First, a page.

HISTORY OF THE BALATON LIMNOLOGICAL RESEARCH INSTITUTE

Hungarian Academy of Sciences

Balaton Limnological Research Institute

by

Sándor Herodek and Károly Elekes

 

The foundation and history of the Institute

 

Limnology, or the science of lakes, began to develop rapidly in the 1880s, due to the discovery of the temperature stratification in deep lakes. Hungarian researchers did not lag behind the rest of the world. In 1891, under the directorship of Lajos Lóczy, the Hungarian Geographic Society launched the Scientific Study of the Balaton, which for thirty years was to publish in 32 volumes results in geological, hydrographical, meteorological, zoological, botanical, anthropological, ethnological and other branches of research. However, it soon became apparent that the only efficient way to observe the complex interrelationships of the lake life was by creating a permanent research institute upon the banks of the lake. The creation of a research base upon the lakeside of the Balaton, similar to the Neapolitan Zoological Station, had already been recommended by the Royal Hungarian Society for Natural Sciences, but high costs and a World War meant a long wait until 1925, when the Balaton Biology Station, whose first director was Béla Hankó, was opened in Révfülöp under the auspices of the Hungarian National Museum. The situation could only be temporary. At the beginning of the twentieth century, chiefly due to the work of Nauman and Thienemann and the founding of the International Association of Limnology in 1922, the science of limnology was to develop in leaps and bounds in the direction of freshwater ecology.

It goes without saying that at this time there were similar massive steps forward in the fields of biochemistry, biology, microbiology, genetics and many other experimental biology-based areas of research, and a home had to be found for each of these. In 1925, the great minister of religion and education Count Kuno Klebelsberg called together a National Congress of Sciences in order to analyze the place of theoretical and applied sciences in Hungary. At the same time a 20-year scientific program was drawn up, to be supported partly by the state, and partly through the exertions of society. The founding of the Hungarian Biological Research Institute was part of this program. It was Klebelsberg who stressed that in other parts of Europe research institutes were appearing that were independent of the university departments, and of which the main profile was unambiguously that of research. Such were the by then already functioning institutes of the Kaiser Wilhelm Gesellschaft in Berlin-Dahlem, and the first modern Hungarian institute of the kind at Tihany.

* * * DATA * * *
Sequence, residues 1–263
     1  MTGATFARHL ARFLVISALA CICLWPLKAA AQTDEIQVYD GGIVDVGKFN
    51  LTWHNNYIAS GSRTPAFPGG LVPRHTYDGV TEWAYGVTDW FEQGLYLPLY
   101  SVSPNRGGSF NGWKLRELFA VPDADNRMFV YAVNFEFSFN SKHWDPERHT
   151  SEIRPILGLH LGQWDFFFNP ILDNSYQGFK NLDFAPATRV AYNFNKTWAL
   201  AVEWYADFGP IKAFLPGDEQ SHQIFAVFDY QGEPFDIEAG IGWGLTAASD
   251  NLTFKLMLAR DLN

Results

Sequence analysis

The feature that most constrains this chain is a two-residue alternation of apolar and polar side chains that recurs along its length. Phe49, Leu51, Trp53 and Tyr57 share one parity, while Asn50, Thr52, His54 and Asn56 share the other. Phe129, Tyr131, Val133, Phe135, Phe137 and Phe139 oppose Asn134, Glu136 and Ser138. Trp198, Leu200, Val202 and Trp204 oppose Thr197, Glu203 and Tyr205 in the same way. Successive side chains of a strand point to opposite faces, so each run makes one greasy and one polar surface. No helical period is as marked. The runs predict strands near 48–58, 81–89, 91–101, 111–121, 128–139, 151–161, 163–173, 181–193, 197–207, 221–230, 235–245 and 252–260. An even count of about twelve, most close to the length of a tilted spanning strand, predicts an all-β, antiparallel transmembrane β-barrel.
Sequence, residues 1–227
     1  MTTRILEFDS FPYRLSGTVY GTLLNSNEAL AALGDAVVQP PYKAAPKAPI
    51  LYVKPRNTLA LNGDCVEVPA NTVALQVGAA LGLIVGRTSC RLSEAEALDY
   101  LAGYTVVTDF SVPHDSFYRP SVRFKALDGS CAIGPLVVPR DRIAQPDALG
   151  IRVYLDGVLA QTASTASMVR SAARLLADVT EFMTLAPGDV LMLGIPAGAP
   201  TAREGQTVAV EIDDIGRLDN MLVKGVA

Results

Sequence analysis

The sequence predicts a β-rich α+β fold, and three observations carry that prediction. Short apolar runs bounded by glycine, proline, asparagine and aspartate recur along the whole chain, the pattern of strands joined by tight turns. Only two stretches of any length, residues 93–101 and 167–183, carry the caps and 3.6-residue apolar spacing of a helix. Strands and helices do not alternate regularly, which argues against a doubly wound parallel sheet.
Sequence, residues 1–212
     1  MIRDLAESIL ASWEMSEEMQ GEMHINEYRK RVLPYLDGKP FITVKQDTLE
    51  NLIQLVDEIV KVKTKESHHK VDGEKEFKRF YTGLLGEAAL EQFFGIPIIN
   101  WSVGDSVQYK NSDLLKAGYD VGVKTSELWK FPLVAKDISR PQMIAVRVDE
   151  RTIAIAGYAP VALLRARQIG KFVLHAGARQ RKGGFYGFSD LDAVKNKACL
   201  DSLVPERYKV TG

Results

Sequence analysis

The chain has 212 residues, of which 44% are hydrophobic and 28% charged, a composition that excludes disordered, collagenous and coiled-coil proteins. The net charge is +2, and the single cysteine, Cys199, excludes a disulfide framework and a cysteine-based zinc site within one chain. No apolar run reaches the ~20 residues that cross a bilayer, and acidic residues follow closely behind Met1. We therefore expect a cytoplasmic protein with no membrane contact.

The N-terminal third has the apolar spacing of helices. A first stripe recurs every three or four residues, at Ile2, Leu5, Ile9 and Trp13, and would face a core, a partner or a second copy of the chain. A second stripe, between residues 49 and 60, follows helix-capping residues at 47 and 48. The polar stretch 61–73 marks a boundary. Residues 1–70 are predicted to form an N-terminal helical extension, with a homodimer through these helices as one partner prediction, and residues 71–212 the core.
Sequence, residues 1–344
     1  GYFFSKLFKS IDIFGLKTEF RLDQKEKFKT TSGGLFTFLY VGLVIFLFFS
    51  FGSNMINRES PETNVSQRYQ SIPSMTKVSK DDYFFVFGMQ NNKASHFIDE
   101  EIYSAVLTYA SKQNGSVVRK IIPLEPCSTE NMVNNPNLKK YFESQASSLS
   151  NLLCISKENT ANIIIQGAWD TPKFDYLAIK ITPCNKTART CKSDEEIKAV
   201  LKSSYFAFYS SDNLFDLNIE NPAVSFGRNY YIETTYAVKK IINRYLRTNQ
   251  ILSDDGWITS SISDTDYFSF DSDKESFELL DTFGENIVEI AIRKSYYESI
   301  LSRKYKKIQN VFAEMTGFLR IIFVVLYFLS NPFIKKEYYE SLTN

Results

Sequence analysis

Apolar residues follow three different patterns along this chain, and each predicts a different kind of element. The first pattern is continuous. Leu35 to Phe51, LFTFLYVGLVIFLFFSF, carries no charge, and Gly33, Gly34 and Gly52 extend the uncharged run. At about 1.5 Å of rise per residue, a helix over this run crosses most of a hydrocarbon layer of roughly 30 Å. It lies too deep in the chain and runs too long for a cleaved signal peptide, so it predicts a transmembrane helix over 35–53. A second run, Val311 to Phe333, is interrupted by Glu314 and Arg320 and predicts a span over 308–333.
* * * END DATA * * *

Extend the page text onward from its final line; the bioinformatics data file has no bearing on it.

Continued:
The site of the institute was chosen by Klebelsberg himself on the Tihany peninsula, below the Abbey and right on the lakeside. The group of buildings was designed by Iván Kotsis. The corner-stone was laid on August 25, 1926.

The several-story-high main building houses the laboratories, the library, the main offices, the aquarium room and workshops. The building is joined by two arcades, one leading to the guest house and the other to researchers’ apartments. The only changes that have taken place in the past decades are that the guest house has gained a store, and so now it contains 15 guest rooms, 2 apartments, and a conference hall seating 100, a restaurant and the office of administration and finances, while the researchers’ apartments have been modified into a building purely for research. The 2 hectares of lakeside parkland surrounding the institute lend it a unique beauty. By years, six new researchers’ homes have been built in the territory leading from the roadway to the hillside.

The Hungarian Biological Research Institute was opened on September 5, 1927. The Balaton Department was directed by Béla Hankó and the Department of General Biology by Frigyes Verzár, both of whom wore the rank of directorship. The first research groups were formed by the botanist Rezső Soó, the geneticists Lajos Csik and Piusz Koller, the physiologists Sándor Müller, Gyula Méhes and Sándor Wolsky, and the hydrobiologists Mihály Rotaridesz and Aladár Scherffel, each of them well-known as experts in their particular field in scientific history. In addition to the relatively small number of permanent staff, a great many guests have come to Tihany to work for shorter or longer periods of time since the inception of the institute.

In 1929 Béla Hankó was appointed professor of the Debrecen University Department of Zoology, which resulted in Klebelsberg recalling the internationally renowned Hungarian hydrobiologist Géza Entz from Holland, at whose request Olga Sebestyén returned from the USA to begin what were to become many decades of research at Tihany.